delta flight plunges edited thumb
Panic ensues when plane unexpectedly plunges mid-flight
00:51 - Source: HLN

Editor’s Note: Les Abend recently retired after 34 years as a Boeing 777 captain for American Airlines. He is a CNN aviation analyst and senior contributor to Flying magazine. The opinions expressed in this commentary are his. View more opinion articles on CNN.

CNN  — 

The reports of a Delta Airlines flight on Wednesday, September 18th, en route from Atlanta to Fort Lauderdale, plunging 30,000 feet, describe a dramatic experience—but they appear to mischaracterize something: the incident reflects the execution of a very precise procedure, not a tumble, potentially, into oblivion.

Les Abend

Although the exact circumstances leading to the event have not yet been fully reported, the situation appears to have actually been a very controlled descent.

Small comfort, you say? Why would pilots perform such a descent?

The most likely reason the pilots took this action was a pressurization problem. The pressurization system on an airplane compresses the density of the air volume so that we—you the passengers, and we, the flight crew– can breathe normally at high altitudes where the air is less dense. The system can fail if a leak occurs in the cabin, i.e. a window breaks, or the outflow valve that allows air to escape slowly for circulation has a malfunction, or a pressurization bleed hose comes loose or develops a leak. These are extremely rare occurrences.

Pilots place pressurization problems in two categories: Rapid or explosive. A rapid depressurization is a situation where the cabin pressure is decreasing at a much quicker rate than normal. At some point in time the system will not be able to maintain a breathable cabin pressure. An explosive depressurization, on the other hand, is an event whereupon the cabin loses pressure almost instantly.

Admittedly, both sound not great. But for either event, pilots are trained to perform very specific emergency procedures. The goal is to get the airplane to a breathable altitude, usually 10,000 feet. The first step is for the crew to don oxygen masks. The length of useful consciousness at high altitudes can be as little as 15 seconds. The second step of the procedure is to establish intercom communications between the two pilots through the mic systems in their masks so they can complete their checklists and literally be on the same page.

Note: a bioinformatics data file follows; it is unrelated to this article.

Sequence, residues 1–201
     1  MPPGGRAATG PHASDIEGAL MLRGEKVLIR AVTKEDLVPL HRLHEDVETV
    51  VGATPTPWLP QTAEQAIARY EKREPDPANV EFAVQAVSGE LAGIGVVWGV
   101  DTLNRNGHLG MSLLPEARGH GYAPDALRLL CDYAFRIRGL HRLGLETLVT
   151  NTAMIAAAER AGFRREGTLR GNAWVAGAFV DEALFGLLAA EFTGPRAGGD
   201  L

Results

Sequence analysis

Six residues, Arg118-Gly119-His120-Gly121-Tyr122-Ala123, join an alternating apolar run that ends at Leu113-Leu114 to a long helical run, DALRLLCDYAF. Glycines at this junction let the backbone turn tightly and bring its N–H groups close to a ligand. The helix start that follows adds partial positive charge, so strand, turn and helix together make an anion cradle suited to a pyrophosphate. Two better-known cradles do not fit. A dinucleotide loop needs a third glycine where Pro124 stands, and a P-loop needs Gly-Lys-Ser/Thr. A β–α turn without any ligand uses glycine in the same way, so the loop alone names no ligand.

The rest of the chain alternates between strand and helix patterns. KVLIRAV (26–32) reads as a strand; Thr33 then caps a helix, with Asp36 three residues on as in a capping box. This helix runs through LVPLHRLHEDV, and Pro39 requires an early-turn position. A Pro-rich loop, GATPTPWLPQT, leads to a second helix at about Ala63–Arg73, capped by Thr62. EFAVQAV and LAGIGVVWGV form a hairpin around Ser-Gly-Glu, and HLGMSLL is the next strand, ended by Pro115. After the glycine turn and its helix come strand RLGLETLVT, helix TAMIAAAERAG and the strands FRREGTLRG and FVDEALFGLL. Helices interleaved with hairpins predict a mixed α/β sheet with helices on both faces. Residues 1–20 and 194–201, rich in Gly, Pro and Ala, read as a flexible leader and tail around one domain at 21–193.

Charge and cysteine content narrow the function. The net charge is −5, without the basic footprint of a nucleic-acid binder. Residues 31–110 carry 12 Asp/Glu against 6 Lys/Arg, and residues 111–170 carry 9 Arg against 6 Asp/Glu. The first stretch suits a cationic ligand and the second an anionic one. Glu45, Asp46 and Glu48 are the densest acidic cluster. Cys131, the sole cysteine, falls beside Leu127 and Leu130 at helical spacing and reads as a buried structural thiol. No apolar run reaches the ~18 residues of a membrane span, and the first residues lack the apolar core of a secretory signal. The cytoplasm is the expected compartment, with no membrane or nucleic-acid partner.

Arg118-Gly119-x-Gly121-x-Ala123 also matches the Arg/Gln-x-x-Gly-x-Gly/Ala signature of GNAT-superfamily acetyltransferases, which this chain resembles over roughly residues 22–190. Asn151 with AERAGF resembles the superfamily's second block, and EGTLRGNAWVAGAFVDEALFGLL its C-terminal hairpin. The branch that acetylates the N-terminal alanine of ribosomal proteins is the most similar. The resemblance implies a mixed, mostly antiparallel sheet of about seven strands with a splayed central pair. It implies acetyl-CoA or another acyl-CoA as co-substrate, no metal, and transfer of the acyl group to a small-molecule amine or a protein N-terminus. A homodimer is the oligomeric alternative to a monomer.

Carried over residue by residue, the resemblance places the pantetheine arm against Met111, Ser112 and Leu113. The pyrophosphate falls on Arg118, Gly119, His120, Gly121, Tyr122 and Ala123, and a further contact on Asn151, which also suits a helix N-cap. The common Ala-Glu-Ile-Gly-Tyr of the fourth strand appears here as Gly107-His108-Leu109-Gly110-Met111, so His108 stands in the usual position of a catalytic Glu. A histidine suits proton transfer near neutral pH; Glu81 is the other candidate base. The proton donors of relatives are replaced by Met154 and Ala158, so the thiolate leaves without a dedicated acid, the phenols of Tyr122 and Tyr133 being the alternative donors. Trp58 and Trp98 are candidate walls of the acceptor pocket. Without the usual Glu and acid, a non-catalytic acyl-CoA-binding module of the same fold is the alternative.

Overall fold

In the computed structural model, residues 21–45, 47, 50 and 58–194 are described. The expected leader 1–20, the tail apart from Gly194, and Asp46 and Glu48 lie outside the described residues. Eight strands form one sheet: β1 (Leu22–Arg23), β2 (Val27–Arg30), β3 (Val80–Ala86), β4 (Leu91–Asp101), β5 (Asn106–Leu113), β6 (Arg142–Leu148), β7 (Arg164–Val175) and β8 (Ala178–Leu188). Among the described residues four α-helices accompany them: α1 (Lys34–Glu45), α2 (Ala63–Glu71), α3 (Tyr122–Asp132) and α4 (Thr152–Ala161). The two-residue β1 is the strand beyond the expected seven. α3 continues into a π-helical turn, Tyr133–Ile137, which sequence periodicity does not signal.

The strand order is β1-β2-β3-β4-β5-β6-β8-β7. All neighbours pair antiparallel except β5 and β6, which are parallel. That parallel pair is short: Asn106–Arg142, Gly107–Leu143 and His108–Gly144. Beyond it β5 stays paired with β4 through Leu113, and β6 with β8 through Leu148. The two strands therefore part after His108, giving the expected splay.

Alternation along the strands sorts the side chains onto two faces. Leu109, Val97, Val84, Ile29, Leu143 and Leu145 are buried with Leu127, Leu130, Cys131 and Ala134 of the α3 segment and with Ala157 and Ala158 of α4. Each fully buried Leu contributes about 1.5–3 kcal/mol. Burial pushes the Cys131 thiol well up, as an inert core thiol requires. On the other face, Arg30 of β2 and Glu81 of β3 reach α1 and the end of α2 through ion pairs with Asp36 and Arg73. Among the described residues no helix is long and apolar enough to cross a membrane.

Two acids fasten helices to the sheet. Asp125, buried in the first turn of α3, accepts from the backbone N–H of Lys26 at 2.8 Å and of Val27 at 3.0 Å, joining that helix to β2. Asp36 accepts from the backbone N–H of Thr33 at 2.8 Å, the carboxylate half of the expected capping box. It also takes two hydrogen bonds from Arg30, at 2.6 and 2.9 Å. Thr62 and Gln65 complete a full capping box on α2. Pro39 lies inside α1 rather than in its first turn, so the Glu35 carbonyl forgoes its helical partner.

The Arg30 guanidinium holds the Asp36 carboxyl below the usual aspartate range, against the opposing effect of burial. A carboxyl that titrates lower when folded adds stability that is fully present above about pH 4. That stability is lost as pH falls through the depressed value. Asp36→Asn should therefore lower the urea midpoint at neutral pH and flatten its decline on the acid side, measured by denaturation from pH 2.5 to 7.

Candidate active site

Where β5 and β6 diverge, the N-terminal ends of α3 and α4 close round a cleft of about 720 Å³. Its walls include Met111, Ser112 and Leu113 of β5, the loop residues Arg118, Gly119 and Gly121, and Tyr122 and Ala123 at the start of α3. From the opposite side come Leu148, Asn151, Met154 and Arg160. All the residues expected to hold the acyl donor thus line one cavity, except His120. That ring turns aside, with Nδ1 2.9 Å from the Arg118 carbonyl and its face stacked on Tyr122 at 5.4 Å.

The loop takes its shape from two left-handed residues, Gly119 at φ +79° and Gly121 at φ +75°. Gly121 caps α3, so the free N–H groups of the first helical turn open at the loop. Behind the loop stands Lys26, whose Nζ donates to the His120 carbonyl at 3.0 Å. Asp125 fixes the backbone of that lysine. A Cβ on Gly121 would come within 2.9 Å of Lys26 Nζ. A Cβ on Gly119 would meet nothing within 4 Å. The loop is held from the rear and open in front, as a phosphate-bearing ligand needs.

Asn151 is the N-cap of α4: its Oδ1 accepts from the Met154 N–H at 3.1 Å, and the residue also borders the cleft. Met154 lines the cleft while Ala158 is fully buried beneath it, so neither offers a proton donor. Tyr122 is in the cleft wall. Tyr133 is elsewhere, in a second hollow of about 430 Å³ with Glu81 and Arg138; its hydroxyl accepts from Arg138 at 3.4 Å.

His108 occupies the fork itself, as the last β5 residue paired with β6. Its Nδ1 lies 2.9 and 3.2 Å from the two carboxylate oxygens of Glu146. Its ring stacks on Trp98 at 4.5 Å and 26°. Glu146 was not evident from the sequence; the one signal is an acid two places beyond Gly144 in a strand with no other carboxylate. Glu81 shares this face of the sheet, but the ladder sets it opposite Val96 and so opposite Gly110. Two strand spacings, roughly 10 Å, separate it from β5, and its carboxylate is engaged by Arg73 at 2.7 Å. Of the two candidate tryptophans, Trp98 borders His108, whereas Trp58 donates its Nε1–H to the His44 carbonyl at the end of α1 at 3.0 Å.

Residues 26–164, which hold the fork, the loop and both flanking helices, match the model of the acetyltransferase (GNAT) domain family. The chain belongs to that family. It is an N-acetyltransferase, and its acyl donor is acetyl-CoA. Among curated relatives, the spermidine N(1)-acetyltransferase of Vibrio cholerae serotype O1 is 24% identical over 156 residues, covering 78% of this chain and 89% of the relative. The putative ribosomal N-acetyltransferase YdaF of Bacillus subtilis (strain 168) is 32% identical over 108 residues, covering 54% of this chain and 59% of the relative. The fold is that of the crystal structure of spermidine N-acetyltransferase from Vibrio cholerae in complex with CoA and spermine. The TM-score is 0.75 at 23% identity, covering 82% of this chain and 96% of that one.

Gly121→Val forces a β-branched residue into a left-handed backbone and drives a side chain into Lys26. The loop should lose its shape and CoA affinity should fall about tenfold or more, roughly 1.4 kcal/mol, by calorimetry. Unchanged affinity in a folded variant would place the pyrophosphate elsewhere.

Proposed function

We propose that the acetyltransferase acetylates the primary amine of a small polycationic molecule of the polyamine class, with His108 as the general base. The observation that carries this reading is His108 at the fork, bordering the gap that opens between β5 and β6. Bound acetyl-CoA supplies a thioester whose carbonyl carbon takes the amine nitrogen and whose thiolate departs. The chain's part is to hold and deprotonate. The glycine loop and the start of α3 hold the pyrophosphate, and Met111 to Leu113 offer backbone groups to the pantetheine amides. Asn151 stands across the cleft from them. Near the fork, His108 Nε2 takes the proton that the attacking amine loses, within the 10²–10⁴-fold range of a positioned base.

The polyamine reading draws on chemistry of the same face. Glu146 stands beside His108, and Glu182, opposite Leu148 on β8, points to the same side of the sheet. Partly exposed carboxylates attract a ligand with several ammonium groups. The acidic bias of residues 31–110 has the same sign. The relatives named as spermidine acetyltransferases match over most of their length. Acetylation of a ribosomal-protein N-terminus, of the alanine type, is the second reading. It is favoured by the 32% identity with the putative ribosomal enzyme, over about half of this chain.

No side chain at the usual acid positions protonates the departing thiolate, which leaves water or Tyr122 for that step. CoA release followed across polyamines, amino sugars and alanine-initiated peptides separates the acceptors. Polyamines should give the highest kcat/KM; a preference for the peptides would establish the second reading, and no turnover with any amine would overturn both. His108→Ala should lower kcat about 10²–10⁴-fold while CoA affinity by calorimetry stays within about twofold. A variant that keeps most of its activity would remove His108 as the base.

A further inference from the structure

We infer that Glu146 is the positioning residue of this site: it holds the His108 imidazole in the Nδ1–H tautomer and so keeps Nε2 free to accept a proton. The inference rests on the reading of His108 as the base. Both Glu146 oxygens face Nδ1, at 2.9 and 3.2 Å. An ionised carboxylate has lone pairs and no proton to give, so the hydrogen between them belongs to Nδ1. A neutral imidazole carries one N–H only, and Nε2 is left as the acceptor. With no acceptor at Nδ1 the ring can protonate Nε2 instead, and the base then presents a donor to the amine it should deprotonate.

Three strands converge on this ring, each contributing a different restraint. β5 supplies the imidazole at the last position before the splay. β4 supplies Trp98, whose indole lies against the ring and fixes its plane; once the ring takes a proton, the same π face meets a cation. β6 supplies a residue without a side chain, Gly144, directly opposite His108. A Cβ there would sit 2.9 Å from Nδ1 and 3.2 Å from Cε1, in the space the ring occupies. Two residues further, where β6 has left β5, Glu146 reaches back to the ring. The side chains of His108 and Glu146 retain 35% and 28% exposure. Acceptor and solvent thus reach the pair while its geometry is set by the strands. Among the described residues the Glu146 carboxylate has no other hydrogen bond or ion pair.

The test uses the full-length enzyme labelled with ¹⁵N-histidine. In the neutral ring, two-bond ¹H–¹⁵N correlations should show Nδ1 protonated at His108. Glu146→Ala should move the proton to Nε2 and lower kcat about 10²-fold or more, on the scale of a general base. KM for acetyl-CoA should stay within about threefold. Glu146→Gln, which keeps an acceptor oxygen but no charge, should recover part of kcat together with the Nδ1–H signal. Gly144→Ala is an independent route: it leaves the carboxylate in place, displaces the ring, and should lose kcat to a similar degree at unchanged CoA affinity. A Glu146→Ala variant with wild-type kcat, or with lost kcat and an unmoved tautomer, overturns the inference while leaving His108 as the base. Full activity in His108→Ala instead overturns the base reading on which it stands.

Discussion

The third step in the procedure is to ensure passenger oxygen masks have either been deployed in the cabin automatically or deployed manually through a switch in the cockpit. The final step in the procedure is to initiate an emergency descent.

The emergency descent is a very controlled maneuver. The pitch of the airplane is pointed down at an angle that produces a very steep rate of descent. Most passenger oxygen systems, (the dangling masks that everybody ignores during the flight attendant briefing), have approximately 12 minutes of available use, so the objective is to beat the clock. The pilots have a separate system, with almost 60 minutes of oxygen available, depending upon altitude and breathing rate.

Devices on the wing called “speed brakes,” which rapidly destroy lift, are deployed by the pilots to aid in the descent rate. Speed brakes are part of normal operations but are used to their maximum effectiveness during an emergency descent.

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    Although the circumstance and maneuver may seem hair-raising from a passenger standpoint, rest assured that pilots are well-rehearsed. If you find yourself in this very untypical situation, the best contributions you can make are to, first, place the mask over both your nose and mouth. Breathe. Don’t panic. Help someone else. And finally, trust that the pilots are looking out after your best interests.

    Kudos to the entire Delta crew for following their training, and to the professional flight attendants as well.